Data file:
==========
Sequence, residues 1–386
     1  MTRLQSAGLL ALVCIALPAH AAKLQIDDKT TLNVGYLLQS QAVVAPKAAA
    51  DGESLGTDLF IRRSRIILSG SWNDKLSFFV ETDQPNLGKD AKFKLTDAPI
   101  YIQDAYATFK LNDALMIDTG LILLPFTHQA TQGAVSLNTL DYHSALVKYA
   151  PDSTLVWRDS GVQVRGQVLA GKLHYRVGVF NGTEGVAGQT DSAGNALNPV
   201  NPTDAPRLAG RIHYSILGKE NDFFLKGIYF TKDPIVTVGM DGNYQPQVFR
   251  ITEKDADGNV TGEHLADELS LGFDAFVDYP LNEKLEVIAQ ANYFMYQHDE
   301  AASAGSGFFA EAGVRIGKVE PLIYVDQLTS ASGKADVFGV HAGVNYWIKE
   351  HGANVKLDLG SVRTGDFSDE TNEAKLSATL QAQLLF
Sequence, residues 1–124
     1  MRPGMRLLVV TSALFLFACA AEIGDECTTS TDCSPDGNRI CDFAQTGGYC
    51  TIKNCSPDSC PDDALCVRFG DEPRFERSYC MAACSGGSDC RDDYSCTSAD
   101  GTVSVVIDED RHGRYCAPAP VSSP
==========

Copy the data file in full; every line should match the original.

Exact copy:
Sequence, residues 1–386
     1  MTRLQSAGLL ALVCIALPAH AAKLQIDDKT TLNVGYLLQS QAVVAPKAAA
    51  DGESLGTDLF IRRSRIILSG SWNDKLSFFV ETDQPNLGKD AKFKLTDAPI
   101  YIQDAYATFK LNDALMIDTG LILLPFTHQA TQGAVSLNTL DYHSALVKYA
   151  PDSTLVWRDS GVQVRGQVLA GKLHYRVGVF NGTEGVAGQT DSAGNALNPV
   201  NPTDAPRLAG RIHYSILGKE NDFFLKGIYF TKDPIVTVGM DGNYQPQVFR
   251  ITEKDADGNV TGEHLADELS LGFDAFVDYP LNEKLEVIAQ ANYFMYQHDE
   301  AASAGSGFFA EAGVRIGKVE PLIYVDQLTS ASGKADVFGV HAGVNYWIKE
   351  HGANVKLDLG SVRTGDFSDE TNEAKLSATL QAQLLF
Sequence, residues 1–124
     1  MRPGMRLLVV TSALFLFACA AEIGDECTTS TDCSPDGNRI CDFAQTGGYC
    51  TIKNCSPDSC PDDALCVRFG DEPRFERSYC MAACSGGSDC RDDYSCTSAD
   101  GTVSVVIDED RHGRYCAPAP VSSP